Original Sin #8 Review

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Posted September 5, 2014 by Henry Varona in Comic Books

Written by: Jason Aaron

Art by: Mike Deodato Jr.

Publisher: Marvel

Original Sin is the latest in Marvel’s seemingly never-ending series of events. Billed to redefine the Marvel Universe and force heroes to re-evaluate their loyalties, it dominated the company throughout the summer, crossing over into many major titles. But finally, after months of waiting and watching, we get to see the story conclude and learn the answer to the mystery we could have guessed from the very beginning: Who killed Uatu the Watcher?

So, our issues opens up with the original Nick Fury, who has gotten old and crazy. facing off against Midas, The Orb, and Oubliette. As they face off over the Watcher’s eyeballs, we get flashbacks to when Nick Fury last saw the Watcher and slowly unravel the mystery around his death. As the assorted heroes of the series arrive to save the day, Fury confesses his sins in a final confrontation with Midas. In the aftermath, the heroes respond to the revelation of the series, what it means for tomorrow, and who must step up to be the hero we need the most.

Jason Aaron brings his epic murder mystery to a close in a spectacularly mediocre fashion. The plot ends in a lackluster fight with a predictable ending for anybody who has been reading all this time. The final revelation for who murdered Uatu is something that they’ve basically said outright for the last four issues. Beyond that, it feels like many of the characters we have been following all this time were tossed to the side in favor of more screen time for the Orb and Midas. By the way, basically every seen with Midas is a giant waste of time. He didn’t matter before this story, and he won’t ever matter again. At least the Orb walked away with some character progression. One of the best things about this story is that we get a very closed ending. Many Marvel events feel like they’re immediately leading into the next, but Aaron manages to make Original Sin feel like it has it’s own identity, separate from Infinity and the upcoming Axis.

Mike Deodato Jr. is an incredibly talented artist, but this is not his greatest showcase. While I’m glad that he finally got to handle one of Marvel’s event titles, since he is one of their best talents, but this was not a great way to utilize him. I thought he would be a perfect fit for a murder mystery, and in many ways he is, but so much of his work gets muddled in dark shadows. While I genuinely love the way he draws Nick Fury and his LMD’s, some of his heroes look too similar. I think that this issue is consistent with the rest of the series, and at times shines more than they have, but ultimately it left me wanting. However, a few moments are actually incredible, such as the ending with The Unseen and every single flashback with Nick Fury and Uatu. I could stare at his Uatu all day long.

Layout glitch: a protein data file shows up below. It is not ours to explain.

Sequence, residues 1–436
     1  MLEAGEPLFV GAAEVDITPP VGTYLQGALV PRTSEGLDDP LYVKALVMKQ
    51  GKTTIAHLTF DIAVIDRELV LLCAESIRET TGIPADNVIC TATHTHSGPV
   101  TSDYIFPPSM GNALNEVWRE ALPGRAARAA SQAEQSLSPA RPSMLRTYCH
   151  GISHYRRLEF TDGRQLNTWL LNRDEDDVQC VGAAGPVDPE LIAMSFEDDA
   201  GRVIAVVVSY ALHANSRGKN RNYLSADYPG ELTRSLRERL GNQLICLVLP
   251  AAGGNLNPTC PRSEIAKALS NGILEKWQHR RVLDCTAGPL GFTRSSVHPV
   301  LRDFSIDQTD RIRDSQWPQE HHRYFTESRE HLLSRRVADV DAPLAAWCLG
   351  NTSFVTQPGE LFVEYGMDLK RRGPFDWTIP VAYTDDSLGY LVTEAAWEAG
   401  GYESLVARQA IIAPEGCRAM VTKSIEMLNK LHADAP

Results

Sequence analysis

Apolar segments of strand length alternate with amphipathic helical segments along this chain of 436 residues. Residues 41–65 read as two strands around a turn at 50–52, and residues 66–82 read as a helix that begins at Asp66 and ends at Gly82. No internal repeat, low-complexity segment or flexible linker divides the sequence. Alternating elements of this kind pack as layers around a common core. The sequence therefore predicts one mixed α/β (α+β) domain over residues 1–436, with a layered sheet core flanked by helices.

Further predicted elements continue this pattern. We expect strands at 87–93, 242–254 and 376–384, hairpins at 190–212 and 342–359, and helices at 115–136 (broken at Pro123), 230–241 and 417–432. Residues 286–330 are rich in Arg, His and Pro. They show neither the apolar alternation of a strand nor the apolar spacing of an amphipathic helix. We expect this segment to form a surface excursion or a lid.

Ultimately, I don’t care much for Original Sin. I don’t read all of Marvel’s events, and this book reminded me why. An interesting premise got lost behind generic characterization and a lackluster finale. If the entire story took place over four issues, I would think more highly of it, but since it took so long to accomplish so little, Original Sin is ultimately a waste of time. I could sum up the entire story from beginning to end, in two standard sentences. And I think that for a summer blockbuster event, that’s a real shame.


About the Author

Henry Varona

Lover of comics, Legos, and movies, Henry Varona is supremely awesome in every way. He spends his days designing his own comics, and his nights dreaming about Chris Hemsworth and Captain Cold.